Federal attempted to market Kevadon, a brand of

Federal Food, Drug and Cosmetic
(FD&C) Act of 1938 did not accurately regulate drugs.  This Act allowed drug companies to sell a drug
“if the FDA did not act within 60 days to prevent its marketing.” In addition,
in 1938, the FDA did not have the autonomy to enforce good manufacturing or
clinical practices. During this time period, there were a lot of unsafe and
ineffective drugs in the market. Senator Kefauver’s investigation into the
pharmaceutical industry revealed over-promotion of drugs and false advertising
of the side effects and efficacy of drugs in the market. One of the biggest
drug scandals at that time involved thalidomide.

Thalidomide, if taken during the first
trimester of pregnancy, would kill the fetus, cause the fetus to be blind,
deaf, have digestive problems, have missing limbs, shortened limbs,
missing/extra fingers or toes or webbed fingers or toes. Due to these side
effects, thalidomide was not approved for use in the United States. FDA medical
officer Frances Kelsey stopped the approval of the drug application due to
inadequate safety data. Despite the disapproval, the William S. Merrill company
attempted to market Kevadon, a brand of thalidomide in the United States, and distributed
the thalidomide to various physicians. “There were 17 births of deformed
infants” because of thalidomide use in the United States. The FDA launched a
campaign to recover the drugs to prevent further complications. Thalidomide that
had been approved and used in other countries resulted in thousands of children
being born with birth defects.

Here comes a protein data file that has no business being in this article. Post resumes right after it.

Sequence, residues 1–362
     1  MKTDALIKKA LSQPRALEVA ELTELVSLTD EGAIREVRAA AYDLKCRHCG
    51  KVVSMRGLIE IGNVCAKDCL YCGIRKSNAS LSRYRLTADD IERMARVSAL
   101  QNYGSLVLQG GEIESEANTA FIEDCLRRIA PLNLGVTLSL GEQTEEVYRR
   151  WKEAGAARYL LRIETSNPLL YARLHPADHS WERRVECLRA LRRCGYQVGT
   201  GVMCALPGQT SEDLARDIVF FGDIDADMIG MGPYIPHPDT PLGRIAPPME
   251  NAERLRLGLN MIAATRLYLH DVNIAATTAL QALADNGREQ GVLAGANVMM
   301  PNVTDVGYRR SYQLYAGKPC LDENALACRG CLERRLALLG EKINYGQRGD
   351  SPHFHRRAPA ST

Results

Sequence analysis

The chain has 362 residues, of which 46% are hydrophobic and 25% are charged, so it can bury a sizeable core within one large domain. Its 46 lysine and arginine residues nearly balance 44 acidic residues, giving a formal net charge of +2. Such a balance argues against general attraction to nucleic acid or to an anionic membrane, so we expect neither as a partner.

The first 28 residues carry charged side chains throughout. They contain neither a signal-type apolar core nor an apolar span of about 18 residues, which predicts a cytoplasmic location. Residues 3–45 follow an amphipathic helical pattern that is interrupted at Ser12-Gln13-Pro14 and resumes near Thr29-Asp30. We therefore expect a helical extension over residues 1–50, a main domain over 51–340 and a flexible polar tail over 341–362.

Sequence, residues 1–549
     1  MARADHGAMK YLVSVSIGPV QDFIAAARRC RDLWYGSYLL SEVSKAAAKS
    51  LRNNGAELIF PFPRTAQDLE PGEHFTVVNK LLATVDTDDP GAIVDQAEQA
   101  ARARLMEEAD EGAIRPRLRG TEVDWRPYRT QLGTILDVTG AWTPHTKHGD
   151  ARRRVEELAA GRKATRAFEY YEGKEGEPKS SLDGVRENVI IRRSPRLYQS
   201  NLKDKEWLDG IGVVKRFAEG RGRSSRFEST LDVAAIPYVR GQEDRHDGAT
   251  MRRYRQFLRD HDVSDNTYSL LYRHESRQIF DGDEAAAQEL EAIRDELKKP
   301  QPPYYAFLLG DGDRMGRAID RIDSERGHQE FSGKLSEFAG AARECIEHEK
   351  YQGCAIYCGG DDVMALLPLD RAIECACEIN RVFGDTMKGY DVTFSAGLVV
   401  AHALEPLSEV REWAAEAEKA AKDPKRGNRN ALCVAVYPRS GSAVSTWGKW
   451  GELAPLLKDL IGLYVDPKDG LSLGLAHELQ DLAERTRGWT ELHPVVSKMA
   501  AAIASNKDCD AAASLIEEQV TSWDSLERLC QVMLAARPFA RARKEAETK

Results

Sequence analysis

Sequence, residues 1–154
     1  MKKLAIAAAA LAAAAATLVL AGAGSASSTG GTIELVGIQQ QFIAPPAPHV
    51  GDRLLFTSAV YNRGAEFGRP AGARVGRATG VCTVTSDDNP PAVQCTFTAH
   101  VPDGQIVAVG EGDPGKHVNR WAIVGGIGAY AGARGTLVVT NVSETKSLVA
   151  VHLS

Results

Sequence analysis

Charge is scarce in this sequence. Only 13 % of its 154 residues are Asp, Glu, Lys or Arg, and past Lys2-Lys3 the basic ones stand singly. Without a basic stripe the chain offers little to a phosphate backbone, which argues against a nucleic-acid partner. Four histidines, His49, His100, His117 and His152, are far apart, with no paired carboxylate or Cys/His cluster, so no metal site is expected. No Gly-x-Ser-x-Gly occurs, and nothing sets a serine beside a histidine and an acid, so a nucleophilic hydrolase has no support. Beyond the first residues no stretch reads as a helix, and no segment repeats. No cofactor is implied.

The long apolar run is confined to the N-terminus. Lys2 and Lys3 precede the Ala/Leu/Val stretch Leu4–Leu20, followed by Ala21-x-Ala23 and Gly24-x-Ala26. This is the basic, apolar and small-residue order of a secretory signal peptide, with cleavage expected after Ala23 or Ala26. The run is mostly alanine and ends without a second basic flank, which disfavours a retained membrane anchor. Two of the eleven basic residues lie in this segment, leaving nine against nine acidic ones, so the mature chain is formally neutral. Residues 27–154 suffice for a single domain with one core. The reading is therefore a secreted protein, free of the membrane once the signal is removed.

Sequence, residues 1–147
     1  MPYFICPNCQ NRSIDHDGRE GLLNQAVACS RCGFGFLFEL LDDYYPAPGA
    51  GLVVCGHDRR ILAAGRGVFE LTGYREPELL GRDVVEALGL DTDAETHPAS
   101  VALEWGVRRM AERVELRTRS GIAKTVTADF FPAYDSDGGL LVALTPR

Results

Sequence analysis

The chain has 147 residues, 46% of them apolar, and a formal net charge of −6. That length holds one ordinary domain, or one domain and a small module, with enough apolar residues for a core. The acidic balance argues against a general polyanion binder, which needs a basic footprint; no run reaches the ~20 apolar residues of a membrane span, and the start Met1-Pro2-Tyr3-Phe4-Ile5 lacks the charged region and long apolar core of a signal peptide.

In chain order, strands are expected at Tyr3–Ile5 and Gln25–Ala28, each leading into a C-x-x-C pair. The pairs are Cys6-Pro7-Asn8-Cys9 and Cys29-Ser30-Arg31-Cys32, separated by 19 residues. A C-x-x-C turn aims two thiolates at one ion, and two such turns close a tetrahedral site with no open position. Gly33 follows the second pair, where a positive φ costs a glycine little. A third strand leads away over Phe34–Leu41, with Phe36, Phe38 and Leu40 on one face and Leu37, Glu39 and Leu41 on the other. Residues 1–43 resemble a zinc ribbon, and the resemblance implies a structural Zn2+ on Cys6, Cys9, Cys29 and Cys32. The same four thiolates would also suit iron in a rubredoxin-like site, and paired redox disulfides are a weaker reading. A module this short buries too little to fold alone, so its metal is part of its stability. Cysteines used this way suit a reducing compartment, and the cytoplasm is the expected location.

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The Kefauver-Harris Amendment of
1962, also known as the Drug Efficacy Amendment Act, was an amendment to the
FD Act of 1938. This amendment was signed by President John F. Kennedy on
October 10,1962 with the help of Tennessee Senator Estes Kefauver and Arkansas
Representative Oren Harris. The Kefauver-Harris Amendment changed the way new
drugs were approved and regulated. Before the Thalidomide tragedy, U.S.

pharmaceutical companies were able to get their drugs approved by simply showing
the FDA their products were safe. However, now the companies would be required to
file a New Drug Application illustrating safety and effectiveness of the new
products. The FDA has 180 days to approve the application before a drug can be
marketed in the United States. Regular inspection of production facilities is
also required. Sponsors need to establish the efficacy of the drug and meet the
FDA’s safety requirements, otherwise the drug will not be approved. Pre-1962 drugs
that were already on the market were tested for safety and effectiveness as
well under this amendment. Drug are required to go through multiple phases of clinical
trials, called Phase I through Phase IV. Any adverse drug reaction also needed
to be reported to the FDA. One additional effect of this change to the FD&C
Act of 1938 was that it prevented cheap generic versions of drugs from being
marketed as “breakthrough” drugs under new trade names.

Stricter controls of clinical
trials were enforced by the FDA as well. The current good clinical practice
elements, that is, rules for clinical trials on human subjects, are in response
to the thalidomide incident in particular. These rules require, defined responsibilities
for the Principal Investigator in a study; Institutional Review Board oversight;
monitoring of the clinical studies by the sponsor/manufacturer; informed consent
for participating subjects prior to dosing, approved study protocol; an
explanation for any deviation, documentation and record retention; and a test
drug or medical device control sample.